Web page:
1. Château Haut-Condissas, Haut-Médoc, 2005

    Château Haut-Condissas, Haut-Médoc, 2005

    This is a distinctly fruity Haut-Médoc with blackberries, delicate tones of licorice, smoke and earth. Silk-like tannins and an impressive concentration complement this wine's broad, expansive style.

    Details
    Colour Red Wine
    Grape Variety Bordeaux Blend Red
    Country France

    Regular Price: £39.99

    Special Price:

    £31.99

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  2. Château Grand-Puy-Ducasse, Pauillac, 2005

    Château Grand-Puy-Ducasse, Pauillac, 2005

    This wine is proof that top quality Pauillac doesn't have to cost the earth. Lovely blackcurrant fruit with a firm tannic structure.

    Details
    Colour Red Wine
    Grape Variety Bordeaux Blend Red
    Country France

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  3. Two Hands, Lily's Garden Shiraz, McLaren Vale, 2005

    Two Hands, Lily's Garden Shiraz, McLaren Vale, 2005

    Lily's Garden McLaren Vale Shiraz, 2005, is a rich wine with richness and power yet slightly more elegant than the previous vintage.

    Details
    Colour Red Wine
    Grape Variety Shiraz
    Country Australia

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  4.  Château du Domaine de l’Eglise, Pomerol, 2005

    Château du Domaine de l’Eglise, Pomerol, 2005

    A very good Pomerol that is drinking well now and which has many years of life left in it.

    Details
    Colour Red Wine
    Grape Variety Bordeaux Blend Red
    Country France

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  5. Kay Brothers Hillside Shiraz, McLaren Vale, 2005

    This Hillside Shiraz is another triumph which has real class. It is a great example of a Shiraz from the McLaren Vale. The wine is deep purple in colour and is full-bodied with smooth tannins.

    Details
    Colour Red Wine
    Grape Variety Shiraz
    Country Australia

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  6. Château Haut-Bages Libéral, Pauillac 5eme Cru Classé, 2005

    Château Haut-Bages Libéral, Pauillac 5eme Cru Classé, 2005

    This wine should be decanted for an hour or so before drinking but is an absolute triumph. Will continue to develop for another 10 years.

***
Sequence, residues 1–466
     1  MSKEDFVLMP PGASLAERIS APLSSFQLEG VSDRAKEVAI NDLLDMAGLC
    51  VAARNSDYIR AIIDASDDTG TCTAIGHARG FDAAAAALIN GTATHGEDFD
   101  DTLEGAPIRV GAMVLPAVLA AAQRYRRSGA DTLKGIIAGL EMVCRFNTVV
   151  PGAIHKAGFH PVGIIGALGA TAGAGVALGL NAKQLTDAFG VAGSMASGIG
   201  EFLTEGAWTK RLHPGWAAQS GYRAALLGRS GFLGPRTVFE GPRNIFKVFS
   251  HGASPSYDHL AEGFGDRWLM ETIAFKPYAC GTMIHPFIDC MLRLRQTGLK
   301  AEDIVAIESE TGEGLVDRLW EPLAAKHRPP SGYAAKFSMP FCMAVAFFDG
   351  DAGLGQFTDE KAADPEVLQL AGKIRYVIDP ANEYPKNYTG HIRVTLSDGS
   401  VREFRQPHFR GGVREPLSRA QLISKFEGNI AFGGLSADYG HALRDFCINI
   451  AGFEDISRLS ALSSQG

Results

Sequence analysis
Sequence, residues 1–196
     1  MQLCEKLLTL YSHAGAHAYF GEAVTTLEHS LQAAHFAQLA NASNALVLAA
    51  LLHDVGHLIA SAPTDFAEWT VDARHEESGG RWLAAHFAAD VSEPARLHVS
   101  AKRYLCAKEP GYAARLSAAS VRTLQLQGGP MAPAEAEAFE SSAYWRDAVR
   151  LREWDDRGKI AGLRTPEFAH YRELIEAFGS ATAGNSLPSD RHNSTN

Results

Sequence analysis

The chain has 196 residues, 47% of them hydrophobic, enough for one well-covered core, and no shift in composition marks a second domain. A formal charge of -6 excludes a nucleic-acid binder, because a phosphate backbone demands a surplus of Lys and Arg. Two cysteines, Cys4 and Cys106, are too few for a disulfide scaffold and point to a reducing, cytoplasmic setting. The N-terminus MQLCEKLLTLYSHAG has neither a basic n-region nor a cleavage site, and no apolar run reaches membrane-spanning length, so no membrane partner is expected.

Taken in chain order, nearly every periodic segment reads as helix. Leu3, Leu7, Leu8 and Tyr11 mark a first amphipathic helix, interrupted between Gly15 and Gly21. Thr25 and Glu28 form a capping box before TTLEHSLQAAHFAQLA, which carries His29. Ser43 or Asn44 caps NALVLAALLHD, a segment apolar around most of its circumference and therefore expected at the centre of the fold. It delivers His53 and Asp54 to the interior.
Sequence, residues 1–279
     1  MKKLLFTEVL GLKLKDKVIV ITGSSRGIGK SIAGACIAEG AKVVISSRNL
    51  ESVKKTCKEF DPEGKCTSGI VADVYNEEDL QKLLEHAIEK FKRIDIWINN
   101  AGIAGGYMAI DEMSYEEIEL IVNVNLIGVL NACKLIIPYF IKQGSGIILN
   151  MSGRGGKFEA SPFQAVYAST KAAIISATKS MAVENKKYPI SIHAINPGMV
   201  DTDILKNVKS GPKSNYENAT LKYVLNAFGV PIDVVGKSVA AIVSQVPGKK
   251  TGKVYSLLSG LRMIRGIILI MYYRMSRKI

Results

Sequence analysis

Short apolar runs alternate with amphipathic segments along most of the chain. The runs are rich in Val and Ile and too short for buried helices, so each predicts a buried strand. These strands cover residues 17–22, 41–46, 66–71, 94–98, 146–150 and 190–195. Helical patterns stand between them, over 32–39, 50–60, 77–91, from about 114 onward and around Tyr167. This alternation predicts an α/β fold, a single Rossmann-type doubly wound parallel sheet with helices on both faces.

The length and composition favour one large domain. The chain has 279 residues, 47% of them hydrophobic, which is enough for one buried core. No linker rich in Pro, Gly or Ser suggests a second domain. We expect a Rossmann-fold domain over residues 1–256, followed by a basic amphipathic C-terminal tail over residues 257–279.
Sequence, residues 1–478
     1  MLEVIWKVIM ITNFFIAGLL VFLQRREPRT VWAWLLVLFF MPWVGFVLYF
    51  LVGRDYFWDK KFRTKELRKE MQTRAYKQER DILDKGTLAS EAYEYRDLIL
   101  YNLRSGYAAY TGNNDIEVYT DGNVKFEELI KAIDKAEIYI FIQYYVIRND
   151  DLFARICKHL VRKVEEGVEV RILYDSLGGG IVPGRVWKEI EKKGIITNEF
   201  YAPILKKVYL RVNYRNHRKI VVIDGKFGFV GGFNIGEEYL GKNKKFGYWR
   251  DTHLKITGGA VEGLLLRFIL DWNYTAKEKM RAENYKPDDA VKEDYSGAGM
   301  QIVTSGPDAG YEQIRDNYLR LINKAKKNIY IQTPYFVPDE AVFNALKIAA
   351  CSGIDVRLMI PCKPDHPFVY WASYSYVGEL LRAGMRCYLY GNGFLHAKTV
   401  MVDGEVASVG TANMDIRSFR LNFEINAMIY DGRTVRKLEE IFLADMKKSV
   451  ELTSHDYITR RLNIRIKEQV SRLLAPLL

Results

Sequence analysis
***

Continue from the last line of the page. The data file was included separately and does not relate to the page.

Details
    Colour Red Wine
    Grape Variety Bordeaux Blend Red
    Country France

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  7. Château Vieux-Sarpe, St Emilion Grand Cru, 2005

    Château Vieux-Sarpe, St Emilion Grand Cru, 2005

    Château Vieux-Sarpe made a very good wine in 2005 which still has plenty of life left in it.

    Details
    Colour Red Wine
    Grape Variety Bordeaux Blend Red
    Country France

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  8. Domaine du Vieux Télégraphe, Châteauneuf-du-Pape, 2005 (Magnum)

    Domaine du Vieux Télégraphe, Châteauneuf-du-Pape, 2005 (Magnum)

    An exceptional wine from the best of vintages in this area, in recent years. Domaine du Vieux Télégraphe, 2005, has a good nose of ripe red berries, tannic to the taste but with very well-balanced acidity and a fresh fruity taste. It gets silkier over the course of a few hours.

    Details
    Colour Red Wine
    Grape Variety Châteauneuf du Pape Blend Red
    Country France

    Out of stock

  9. Château Durfort-Vivens, Margaux 2ème Cru Classé , 2005

    Château Durfort-Vivens, Margaux 2ème Cru Classé , 2005

    2005 was a classic vintage in Margaux. Elegant Cabernet Sauvignon dominated blend.

    Details
    Colour Red Wine
    Grape Variety Bordeaux Blend Red
    Country France

    Out of stock

  10. Two Hands Bella's Garden Shiraz, Barossa Valley, 2005

    Two Hands Bella's Garden Shiraz, Barossa Valley, 2005

    Another winning Shiraz from Two Hands. A cooler summer contributed towards the fruity elegance of this lovely wine, drinking until 2020.

    Details
    Colour Red Wine
    Grape Variety Shiraz
    Country Australia

    Out of stock